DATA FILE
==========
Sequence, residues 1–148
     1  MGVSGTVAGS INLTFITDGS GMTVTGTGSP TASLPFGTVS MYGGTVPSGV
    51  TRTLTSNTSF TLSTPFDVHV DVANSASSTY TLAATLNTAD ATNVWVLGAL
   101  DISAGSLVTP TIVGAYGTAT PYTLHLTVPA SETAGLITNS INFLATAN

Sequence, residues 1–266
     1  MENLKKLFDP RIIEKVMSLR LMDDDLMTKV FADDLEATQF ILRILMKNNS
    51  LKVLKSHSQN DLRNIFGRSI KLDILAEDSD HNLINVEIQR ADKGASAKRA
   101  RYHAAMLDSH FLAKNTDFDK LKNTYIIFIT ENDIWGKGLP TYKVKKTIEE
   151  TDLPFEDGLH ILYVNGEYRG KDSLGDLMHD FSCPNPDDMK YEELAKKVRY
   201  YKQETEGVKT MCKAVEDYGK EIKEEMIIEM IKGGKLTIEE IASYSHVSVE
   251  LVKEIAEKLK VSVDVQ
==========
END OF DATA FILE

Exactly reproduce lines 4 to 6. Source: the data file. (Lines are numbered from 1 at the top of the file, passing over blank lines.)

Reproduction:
   101  DISAGSLVTP TIVGAYGTAT PYTLHLTVPA SETAGLITNS INFLATAN

Sequence, residues 1–266
     1  MENLKKLFDP RIIEKVMSLR LMDDDLMTKV FADDLEATQF ILRILMKNNS